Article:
Excellence for All – a framework for monitoring and tracking

I recently wrote an article which described the rationale and priorities behind my strategy – Excellence for All (EfA). The focus is to raise attainment and recognise achievement. The strategy is supported by a framework which builds capacity for whole school monitoring and tracking.

For simplicity, I have seperated the framework into three strands. I have assumed that each school implementing Excellence for All will have a designated Coordinator.

Strand I – improving the data landscape

Specific engagement between the EfA Coordinator and key staff to facilitate data sharing as outlined in thematic priority 1. This will include mapping and identifying (with reasons) the minimum data necessary to improve the data landscape for young people which will lead to improved monitoring and tracking across the school.

Strand II – dissemination of information

Reviewing what and how management information is disseminated across Faculties and Pupil Support considering personal and aggregated data. This includes bi-directional data sharing.

Strand III – strategic use of information

Production of a policy and practice framework with recommendations on those data – and wider intelligence – which the school should collect and scrutinise regularly and why. The framework will address: the key data, current data use, data and analytical requirements (including the type of reports staff would find most helpful) and data commitments – it will also address the questions within implementation and evaluation.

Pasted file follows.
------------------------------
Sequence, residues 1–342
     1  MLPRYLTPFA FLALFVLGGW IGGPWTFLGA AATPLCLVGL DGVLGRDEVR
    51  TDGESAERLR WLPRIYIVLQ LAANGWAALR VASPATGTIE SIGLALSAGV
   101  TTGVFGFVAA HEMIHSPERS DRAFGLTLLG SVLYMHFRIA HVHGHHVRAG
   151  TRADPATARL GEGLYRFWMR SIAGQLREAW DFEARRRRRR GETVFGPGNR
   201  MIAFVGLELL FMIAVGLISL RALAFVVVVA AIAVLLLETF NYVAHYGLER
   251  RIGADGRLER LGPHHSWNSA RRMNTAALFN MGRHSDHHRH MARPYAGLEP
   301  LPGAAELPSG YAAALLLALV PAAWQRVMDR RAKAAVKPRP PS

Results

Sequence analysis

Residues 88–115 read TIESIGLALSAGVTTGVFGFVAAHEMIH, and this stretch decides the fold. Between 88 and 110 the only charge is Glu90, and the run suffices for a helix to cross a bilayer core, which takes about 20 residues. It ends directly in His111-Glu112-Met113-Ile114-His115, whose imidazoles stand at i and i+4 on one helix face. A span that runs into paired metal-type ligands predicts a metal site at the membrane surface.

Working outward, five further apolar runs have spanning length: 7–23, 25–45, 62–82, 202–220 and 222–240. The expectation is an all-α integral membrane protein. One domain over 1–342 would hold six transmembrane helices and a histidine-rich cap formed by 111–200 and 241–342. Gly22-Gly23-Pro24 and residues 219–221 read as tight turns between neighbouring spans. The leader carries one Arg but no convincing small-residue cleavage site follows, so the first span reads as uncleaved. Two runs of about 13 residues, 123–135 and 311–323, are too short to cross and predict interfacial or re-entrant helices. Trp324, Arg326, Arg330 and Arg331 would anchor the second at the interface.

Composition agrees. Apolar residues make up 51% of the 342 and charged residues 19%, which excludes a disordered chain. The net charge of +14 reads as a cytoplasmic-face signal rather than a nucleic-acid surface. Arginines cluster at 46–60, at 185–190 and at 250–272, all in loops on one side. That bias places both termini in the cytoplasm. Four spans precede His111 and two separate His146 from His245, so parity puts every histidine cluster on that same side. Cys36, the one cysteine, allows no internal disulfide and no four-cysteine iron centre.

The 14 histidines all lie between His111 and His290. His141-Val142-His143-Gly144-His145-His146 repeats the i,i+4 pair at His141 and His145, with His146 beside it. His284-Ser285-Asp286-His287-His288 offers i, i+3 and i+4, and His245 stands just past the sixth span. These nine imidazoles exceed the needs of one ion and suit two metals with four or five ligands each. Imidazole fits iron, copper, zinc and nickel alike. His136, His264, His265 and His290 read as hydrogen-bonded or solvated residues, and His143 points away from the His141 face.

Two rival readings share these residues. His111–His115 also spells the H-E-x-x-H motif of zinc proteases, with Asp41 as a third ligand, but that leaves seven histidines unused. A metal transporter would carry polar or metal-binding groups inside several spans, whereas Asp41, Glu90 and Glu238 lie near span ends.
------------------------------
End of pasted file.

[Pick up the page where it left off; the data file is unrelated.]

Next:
There are limited dependencies between the strands and it is envisaged that each strand can run concurrently. The implementation of the framework will adopt a development cycle and will borrow heavily from the structures of a recognised project management methodology. The framework will be underpinned by a core set of guiding principles. This is essential if there is a governance body, steering group or other type of collegiate approach.

1) Strategic use of data by Faculties and Pupil Support;

2) Provision of agreed baseline information;

3) Production of accessible, fit for purpose and clearly understandable outputs;

4) Continuous improvement to the quality and robustness of school data;

5) Key staff using data to achieve efficient intervention and support.

I would recommend that anyone who decides to develop their own ‘local’ strategy build a project work plan which utilises my thematic priorities. I have illustrated an example of how this may be done.

For priority 1 – Review and develop existing arrangements for identifying, monitoring and tracking individuals, groups and cohorts.


Academic Staff University of Glasgow and Author of Science Fiction

Posted in Curriculum Design, Education Studies, Learning & Teaching

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